ResumableFunctions typing issue


#1

@oxinabox - thanks for the great Lazy Sequences blog post.

ResumableFunctions is a really cool package but I was curious why it ended up being slower than the Channel implementation for generating primes. I did some benchmarking and it appears that the problem may come from the typing of the internal states - known_primes and x.

Expanding the macro, the type of both known_primes and x became Any (where they should have been Array{BigInt,1} and BigInt respectively. In additional, the literal big"3" became an Int in the generated code. In addition, a::Array{BigInt,1} and z::BigInt fields were generated but unused. It’s looking more like a bug to me.

Just sharing :slight_smile:

julia> @macroexpand(
       @resumable function primes_rf()
           known_primes = BigInt[2]
           x = big"3"
           @yield big"2" # Output the first prime, as we already put int in the list of known primes
           while true
               for p in known_primes
                   if p > sqrt(x)
                       # Must be prime as we have not found any divisor
                       push!(known_primes, x)
                       @yield x
                       break
                   end
                   if x % p == 0 # p divides
                       # not prime
                       break
                   end
               end
               x+=1            
           end
       end
       )|> MacroTools.striplines
quote 
    begin 
        mutable struct ##824 <: ResumableFunctions.FiniteStateMachineIterator
            _state::UInt8
            x::Any
            a::Array{BigInt,1}
            p::Any
            _iterstate_1::Any
            known_primes::Any
            _iterator_1::Any
            z::BigInt
            function ##824(; )::##824
                fsmi = new()
                fsmi._state = 0x00
                fsmi
            end
        end
    end
    function (_fsmi::##824)(_arg::Any=nothing; )::Any
        _fsmi._state == 0x00 && $(Expr(:symbolicgoto, Symbol("#159#_STATE_0")))
        _fsmi._state == 0x01 && $(Expr(:symbolicgoto, Symbol("#157#_STATE_1")))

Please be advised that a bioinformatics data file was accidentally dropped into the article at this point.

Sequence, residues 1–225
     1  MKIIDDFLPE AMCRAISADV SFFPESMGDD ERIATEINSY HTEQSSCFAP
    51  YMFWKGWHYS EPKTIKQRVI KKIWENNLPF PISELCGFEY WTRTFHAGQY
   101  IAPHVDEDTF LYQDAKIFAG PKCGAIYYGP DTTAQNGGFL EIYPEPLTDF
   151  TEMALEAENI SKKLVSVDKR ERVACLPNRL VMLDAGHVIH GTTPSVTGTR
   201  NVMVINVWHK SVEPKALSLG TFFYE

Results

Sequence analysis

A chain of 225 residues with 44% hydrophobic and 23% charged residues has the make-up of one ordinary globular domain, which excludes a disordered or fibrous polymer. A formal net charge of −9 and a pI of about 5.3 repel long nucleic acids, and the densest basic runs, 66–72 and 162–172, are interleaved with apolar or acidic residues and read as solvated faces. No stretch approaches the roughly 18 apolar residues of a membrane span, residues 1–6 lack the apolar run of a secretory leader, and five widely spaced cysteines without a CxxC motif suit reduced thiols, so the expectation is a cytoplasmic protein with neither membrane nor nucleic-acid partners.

_fsmi._state == 0x02 && $(Expr(:symbolicgoto, Symbol("#158#_STATE_2")))
        error("@resumable function has stopped!")
        $(Expr(:symboliclabel, Symbol("#159#_STATE_0")))
        _fsmi._state = 0xff
        _arg isa Exception && throw(_arg)
        _fsmi.known_primes = BigInt[2]
        _fsmi.x = 3
        _fsmi._state = 0x01
        return 2
        $(Expr(:symboliclabel, Symbol("#157#_STATE_1")))
        _fsmi._state = 0xff
        _arg isa Exception && throw(_arg)
        while true
            _fsmi._iterator_1 = _fsmi.known_primes
            _fsmi._iterstate_1 = start(_fsmi._iterator_1)
            while !(done(_fsmi._iterator_1, _fsmi._iterstate_1))
                (_fsmi.p, _fsmi._iterstate_1) = next(_fsmi._iterator_1, _fsmi._iterstate_1)
                if _fsmi.p > sqrt(_fsmi.x)
                    push!(_fsmi.known_primes, _fsmi.x)
                    _fsmi._state = 0x02
                    return _fsmi.x
                    $(Expr(:symboliclabel, Symbol("#158#_STATE_2")))
                    _fsmi._state = 0xff
                    _arg isa Exception && throw(_arg)
                    break
                end
                if _fsmi.x % _fsmi.p == 0
                    break
                end
            end
            _fsmi.x += 1
        end
    end
    function primes_rf(; )::##824
        ##824()
    end
end

#2

Hi

Hereby a copy of my email to the creator of the lazy sequences blog explaining the results.

I was intrigued by the bad behaviour of @Resumable function primes_rf.
For 1000 primes I get the same result (factor 2 slower) but for 90 primes ResumableFunctions is 3 times faster and consumes 1/8 of the memory.
The problem is that the iterator for p in known_primes is stored every time we do a @yield and this is not needed because we do a break afterwards. A partial solution can be found for the inner loop:

for p in 1:length(known_primes)
                  if known_primes[p] > sqrt(x)
                      # Must be prime as we have not found any divisor
                      push!(known_primes, x)